| DUBAI, March 14
DUBAI, March 14 Bahrain rejected on
Wednesday a new report by an international media watchdog
describing the Gulf Arab state as an "enemy of the Internet"
after it crushed a pro-democracy uprising last year.
"Bahrain offers a perfect example of successful crackdowns,
with an information blackout achieved through an impressive
arsenal of repressive measures," the Paris-based Reporters
Without Borders (RSF) said in a report published this week.
The report cited exclusion of the foreign media, harassment
of human rights defenders, arrests of bloggers and Internet
activists, prosecutions and defamation campaigns against free
expression activists, and disruption of communications after
mass protests first erupted in February 2011.
It said Bahrain, where the Sunni Al Khalifa family rules a
majority Shi'ite population, slowed down the Internet and
increased filtering during the uprising, which was put down by
force after one month in March 2011.
Bahrain, a U.S. ally that hosts Washington's Fifth Fleet,
fell in RSF's press freedom index to number 173, seven places
from the worst offender, Eritrea, the watchdog said.
In its response, the Bahrain government said it was in the
process of improving media standards, according to the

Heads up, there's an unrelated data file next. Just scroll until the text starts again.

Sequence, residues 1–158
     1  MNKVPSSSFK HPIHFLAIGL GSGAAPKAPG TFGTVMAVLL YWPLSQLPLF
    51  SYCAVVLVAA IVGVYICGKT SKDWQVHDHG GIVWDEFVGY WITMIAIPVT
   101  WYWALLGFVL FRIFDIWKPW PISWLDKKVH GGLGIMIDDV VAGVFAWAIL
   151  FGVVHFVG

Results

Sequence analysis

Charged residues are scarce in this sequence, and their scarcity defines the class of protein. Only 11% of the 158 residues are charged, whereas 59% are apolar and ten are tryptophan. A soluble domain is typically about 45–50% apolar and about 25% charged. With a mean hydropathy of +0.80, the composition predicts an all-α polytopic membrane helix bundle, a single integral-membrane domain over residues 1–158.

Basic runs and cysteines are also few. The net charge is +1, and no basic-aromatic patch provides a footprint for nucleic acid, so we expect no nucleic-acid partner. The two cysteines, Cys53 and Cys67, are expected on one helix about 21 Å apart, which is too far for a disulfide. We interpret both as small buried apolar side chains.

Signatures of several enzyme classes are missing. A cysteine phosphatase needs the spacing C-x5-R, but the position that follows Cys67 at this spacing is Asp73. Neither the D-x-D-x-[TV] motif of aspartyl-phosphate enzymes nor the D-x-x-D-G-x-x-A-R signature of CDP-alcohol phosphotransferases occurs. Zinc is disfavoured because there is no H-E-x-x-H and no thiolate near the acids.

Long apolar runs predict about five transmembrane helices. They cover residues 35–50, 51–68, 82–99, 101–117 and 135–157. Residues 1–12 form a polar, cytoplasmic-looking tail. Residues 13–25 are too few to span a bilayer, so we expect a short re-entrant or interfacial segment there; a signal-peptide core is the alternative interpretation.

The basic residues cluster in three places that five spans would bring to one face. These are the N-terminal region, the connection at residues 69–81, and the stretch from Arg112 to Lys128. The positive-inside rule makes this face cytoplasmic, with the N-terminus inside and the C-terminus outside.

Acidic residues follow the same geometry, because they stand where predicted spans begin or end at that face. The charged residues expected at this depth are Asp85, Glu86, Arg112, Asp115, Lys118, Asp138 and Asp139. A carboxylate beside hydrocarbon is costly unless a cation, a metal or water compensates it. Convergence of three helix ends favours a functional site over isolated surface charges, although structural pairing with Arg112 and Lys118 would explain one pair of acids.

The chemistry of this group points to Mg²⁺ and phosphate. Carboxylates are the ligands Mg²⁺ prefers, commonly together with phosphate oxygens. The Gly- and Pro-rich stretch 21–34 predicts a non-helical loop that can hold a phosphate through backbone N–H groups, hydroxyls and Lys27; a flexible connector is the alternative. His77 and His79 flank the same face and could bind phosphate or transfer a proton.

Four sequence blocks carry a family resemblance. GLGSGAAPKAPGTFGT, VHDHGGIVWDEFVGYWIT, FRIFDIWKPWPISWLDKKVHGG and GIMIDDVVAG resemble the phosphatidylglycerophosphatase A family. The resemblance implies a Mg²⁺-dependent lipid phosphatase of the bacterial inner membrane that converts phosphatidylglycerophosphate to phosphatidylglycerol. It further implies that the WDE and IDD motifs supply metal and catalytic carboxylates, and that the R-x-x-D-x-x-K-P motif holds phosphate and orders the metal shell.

recommendations of a commission of international legal experts
which criticised media policy in a hard-hitting report in
A statement faulted the group for not citing Bahrain's move
to establish the commission, the Bahrain Independent Commission
of Inquiry (BICI).
"The government of Bahrain remains committed to meeting
international media regulation standards and is working hard to
improve its domestic media environment. Nevertheless, reform is
a process and not an event," the government's Information
Affairs Authority (IAA) said.
"We hope that Reporters Without Borders follows this process
closely and engages with us to ensure future reports reflect an
accurate picture of the media environment in Bahrain."
The BICI report recommended that Bahrain's government allow
opposition groups access to state media.
However, state television has not covered a number of recent
large-scale rallies and marches with interior ministry approval,
including a rally last Friday that was the biggest since the
unrest began. Major pan-Arab media outlets controlled by fellow
Gulf Arab states also offer scant coverage of these events.
Friday's protest saw tens of thousands of Bahrainis take to
the streets to demand democratic reforms, stepping up pressure
on the government.
Shi'ites complain of political and economic marginalisation,
charges the government rejects. It has allowed the elected
parliament more powers of scrutiny over ministers and budgets.
But the opposition want a move towards full democracy, giving
parliament full powers to legislate and form governments.
(Writing by Andrew Hammond; Editing by Susan Fenton)